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Key things to consider before helping a friend or family member’s start up business

22 May 2023

Is a family member or close friend looking to start a business? Are you thinking about helping them out with some funding? Here are some crucial points you need to think about before you go ahead and do so.

When a new business venture or start up is looking to get off the ground, it is often the case that the founders know of some friends and family who are willing to provide some initial funding so they can avoid starting out with debt owed to a corporate lender.

Borrowing from friends and family is perceived to be less risky and quicker, whilst having the benefit of a funder who is less demanding, more forgiving and likely to be more flexible should there be a problem further down the line. Consequently, the parties often do not see a written agreement documenting the loan or investment as necessary.

Unfortunately – in our experience – it is that same emotion that can result in the funder and the founder failing to discuss key terms fully. This – along with other circumstances arising that have not been planned for, such as the death of someone involved – can result in an unnecessarily stressful and expensive situation occurring should it transpire that there has been a misunderstanding.

Like most contractual agreements, an important benefit of clearly documenting the terms on which the funding is to be provided is that it guarantees certainty in all respects. It will help to prompt communication between the parties about specific scenarios or terms applicable to the funding which may not otherwise occur. For example:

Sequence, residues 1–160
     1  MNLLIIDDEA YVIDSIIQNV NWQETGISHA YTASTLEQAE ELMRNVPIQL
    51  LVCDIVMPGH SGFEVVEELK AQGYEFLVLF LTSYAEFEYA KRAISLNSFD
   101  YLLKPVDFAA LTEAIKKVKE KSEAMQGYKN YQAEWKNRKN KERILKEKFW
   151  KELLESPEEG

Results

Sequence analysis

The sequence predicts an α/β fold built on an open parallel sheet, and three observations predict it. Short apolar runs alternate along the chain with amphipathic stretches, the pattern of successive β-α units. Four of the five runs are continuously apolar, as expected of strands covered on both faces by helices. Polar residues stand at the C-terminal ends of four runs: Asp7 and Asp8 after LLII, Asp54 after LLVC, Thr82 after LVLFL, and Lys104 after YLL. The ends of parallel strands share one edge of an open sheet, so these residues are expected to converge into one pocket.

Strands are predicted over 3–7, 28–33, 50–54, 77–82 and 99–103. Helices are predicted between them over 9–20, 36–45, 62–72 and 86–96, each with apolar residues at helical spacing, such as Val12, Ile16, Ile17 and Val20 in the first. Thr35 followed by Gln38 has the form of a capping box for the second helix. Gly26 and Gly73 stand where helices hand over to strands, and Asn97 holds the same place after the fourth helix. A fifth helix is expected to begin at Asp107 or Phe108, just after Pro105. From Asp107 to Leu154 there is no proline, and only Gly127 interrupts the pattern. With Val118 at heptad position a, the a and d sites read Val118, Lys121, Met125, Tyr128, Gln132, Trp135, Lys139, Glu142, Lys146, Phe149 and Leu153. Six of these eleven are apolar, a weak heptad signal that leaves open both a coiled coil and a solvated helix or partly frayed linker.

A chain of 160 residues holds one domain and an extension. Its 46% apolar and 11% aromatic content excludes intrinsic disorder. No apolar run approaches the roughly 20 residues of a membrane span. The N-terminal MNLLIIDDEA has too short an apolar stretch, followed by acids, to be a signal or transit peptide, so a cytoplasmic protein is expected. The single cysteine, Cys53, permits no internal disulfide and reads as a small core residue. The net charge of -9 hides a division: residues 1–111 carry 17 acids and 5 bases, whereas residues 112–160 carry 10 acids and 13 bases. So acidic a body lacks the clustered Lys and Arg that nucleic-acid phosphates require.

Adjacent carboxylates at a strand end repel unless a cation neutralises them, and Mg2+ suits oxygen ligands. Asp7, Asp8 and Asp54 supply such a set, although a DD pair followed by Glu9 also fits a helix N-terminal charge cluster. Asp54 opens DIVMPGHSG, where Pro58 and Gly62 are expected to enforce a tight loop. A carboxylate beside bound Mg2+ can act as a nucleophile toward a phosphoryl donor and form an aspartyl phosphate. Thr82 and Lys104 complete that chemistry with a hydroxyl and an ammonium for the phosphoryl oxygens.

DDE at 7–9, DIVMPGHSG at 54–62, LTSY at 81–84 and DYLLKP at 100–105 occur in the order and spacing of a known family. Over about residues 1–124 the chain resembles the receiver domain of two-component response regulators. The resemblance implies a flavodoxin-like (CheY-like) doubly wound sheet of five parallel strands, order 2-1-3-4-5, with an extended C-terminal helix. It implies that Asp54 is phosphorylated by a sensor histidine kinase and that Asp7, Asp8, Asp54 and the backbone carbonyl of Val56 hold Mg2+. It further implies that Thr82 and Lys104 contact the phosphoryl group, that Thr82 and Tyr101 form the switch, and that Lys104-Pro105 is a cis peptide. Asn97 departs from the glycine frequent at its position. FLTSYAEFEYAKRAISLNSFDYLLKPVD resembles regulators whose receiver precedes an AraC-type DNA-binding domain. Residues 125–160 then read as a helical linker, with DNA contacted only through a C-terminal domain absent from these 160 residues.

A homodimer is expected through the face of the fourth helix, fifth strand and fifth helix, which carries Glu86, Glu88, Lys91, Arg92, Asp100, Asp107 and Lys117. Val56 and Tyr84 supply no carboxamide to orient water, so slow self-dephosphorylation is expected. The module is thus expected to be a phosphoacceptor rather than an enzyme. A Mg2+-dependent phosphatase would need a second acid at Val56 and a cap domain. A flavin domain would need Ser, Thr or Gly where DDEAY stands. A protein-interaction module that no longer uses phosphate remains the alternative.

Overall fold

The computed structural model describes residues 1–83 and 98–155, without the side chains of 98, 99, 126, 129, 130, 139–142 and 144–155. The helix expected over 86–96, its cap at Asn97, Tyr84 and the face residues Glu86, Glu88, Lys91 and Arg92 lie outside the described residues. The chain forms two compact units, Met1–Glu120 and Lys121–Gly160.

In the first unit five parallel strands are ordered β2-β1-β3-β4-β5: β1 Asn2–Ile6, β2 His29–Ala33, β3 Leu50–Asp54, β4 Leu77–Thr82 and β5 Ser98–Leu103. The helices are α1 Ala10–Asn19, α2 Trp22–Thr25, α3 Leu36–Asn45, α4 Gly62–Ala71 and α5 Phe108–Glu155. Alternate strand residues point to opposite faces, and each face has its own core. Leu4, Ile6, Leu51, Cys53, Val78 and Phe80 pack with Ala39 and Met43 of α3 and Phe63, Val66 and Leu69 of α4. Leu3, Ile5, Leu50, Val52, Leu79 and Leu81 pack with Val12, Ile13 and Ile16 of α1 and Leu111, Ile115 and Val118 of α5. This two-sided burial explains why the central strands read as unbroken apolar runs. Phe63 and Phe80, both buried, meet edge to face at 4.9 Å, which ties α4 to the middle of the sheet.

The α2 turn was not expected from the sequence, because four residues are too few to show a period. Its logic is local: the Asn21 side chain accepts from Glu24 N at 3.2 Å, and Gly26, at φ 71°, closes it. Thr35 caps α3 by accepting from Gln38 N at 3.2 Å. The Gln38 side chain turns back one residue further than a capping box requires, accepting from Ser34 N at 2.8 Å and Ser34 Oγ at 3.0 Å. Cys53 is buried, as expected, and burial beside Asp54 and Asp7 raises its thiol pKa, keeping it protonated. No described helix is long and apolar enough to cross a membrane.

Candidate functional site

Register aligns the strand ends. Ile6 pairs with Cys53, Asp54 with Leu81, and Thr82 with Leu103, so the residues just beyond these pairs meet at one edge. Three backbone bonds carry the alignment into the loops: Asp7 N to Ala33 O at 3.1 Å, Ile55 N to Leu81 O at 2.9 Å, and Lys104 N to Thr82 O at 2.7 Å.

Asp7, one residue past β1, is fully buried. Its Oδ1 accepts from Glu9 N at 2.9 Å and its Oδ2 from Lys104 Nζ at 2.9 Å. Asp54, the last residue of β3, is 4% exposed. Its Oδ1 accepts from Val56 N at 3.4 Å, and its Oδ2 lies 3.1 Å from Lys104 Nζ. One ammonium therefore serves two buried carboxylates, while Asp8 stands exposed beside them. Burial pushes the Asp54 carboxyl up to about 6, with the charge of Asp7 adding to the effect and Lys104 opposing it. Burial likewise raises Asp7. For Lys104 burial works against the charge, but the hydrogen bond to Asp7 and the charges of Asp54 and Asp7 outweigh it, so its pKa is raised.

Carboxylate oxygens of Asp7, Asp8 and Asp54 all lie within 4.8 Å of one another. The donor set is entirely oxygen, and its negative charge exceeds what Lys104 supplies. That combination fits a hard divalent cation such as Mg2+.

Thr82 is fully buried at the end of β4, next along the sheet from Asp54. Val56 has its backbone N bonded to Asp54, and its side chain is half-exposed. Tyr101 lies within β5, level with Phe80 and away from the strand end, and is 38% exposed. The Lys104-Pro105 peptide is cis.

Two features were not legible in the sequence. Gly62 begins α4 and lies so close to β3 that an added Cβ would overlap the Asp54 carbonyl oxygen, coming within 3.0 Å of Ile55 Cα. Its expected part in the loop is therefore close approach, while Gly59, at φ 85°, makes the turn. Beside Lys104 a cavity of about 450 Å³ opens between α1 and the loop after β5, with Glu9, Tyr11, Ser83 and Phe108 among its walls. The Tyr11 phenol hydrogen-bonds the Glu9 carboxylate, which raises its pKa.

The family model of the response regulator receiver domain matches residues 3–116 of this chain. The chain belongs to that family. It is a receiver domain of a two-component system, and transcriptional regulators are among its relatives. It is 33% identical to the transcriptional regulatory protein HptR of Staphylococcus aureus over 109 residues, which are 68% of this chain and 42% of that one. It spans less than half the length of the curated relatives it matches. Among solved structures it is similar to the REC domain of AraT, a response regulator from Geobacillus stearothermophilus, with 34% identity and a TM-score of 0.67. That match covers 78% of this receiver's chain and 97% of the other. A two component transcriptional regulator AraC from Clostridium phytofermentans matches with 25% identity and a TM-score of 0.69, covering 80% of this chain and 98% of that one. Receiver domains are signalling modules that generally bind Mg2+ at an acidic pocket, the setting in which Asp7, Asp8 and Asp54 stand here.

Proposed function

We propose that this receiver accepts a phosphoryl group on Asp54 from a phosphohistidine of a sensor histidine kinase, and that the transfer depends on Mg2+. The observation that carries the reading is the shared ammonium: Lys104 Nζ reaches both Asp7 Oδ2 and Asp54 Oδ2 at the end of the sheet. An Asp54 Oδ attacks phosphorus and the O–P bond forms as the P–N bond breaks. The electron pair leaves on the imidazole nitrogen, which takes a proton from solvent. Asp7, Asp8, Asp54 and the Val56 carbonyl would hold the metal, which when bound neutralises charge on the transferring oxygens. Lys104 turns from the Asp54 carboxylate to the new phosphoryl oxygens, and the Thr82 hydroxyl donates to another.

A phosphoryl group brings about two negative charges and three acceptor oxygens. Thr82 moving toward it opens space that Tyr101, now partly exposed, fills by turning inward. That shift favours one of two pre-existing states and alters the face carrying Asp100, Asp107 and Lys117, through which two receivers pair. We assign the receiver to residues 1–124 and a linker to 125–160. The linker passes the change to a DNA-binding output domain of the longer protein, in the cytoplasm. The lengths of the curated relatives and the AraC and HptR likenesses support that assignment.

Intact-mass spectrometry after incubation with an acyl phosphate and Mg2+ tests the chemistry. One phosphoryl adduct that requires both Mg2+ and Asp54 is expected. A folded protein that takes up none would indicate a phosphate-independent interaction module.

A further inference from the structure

• are both parties aligned regarding the amount of funding being provided?
  • when will it be available? Will it be as a lump sum or in tranches?
  • how will the money be used and how it will be repaid or returned?

If you are thinking of providing funding to a family member or friend, please take the time to consider the terms on which you are prepared to do so. Some initial issues to consider are:

  • do you expect the money to be repaid within a specific period? Alternatively, are you happy for the funds to be tied up on a longer-term basis, effectively buying you a share of that business?
  • what sort of return are you expecting to make on your funds (for example, in the case of a loan, what interest will you charge)?
  • are you expecting the return of your funding to be secured against anything?
  • is the business going to be run as a limited company, partnership or sole trader?
  • what will happen if the business fails?

These are just some of the issues that parties should have discussed before any funding is provided. Given the potential for complexity even in the most seemingly simple – and informal – of funding arrangements, it is important that everyone involved seeks appropriate advice and clearly documents the terms first.

If you have any questions about best practice when it comes to investing in friends and family, or you’re looking to draft something but don’t quite know where to start, please get in touch with our corporate & commercial experts – we’d be happy to help.

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Our corporate & commercial team is rated by national legal guides The Legal 500 and Chambers UK. The department’s expert lawyers can help businesses big or small on a variety of corporate challenges that may arise.

Disclaimer: All legal information is correct at the time of publication but please be aware that laws may change over time. This article contains general legal information but should not be relied upon as legal advice. Please seek professional legal advice about your specific situation - contact us; we’d be delighted to help.
Rishi Ladwa LLB (Hons)
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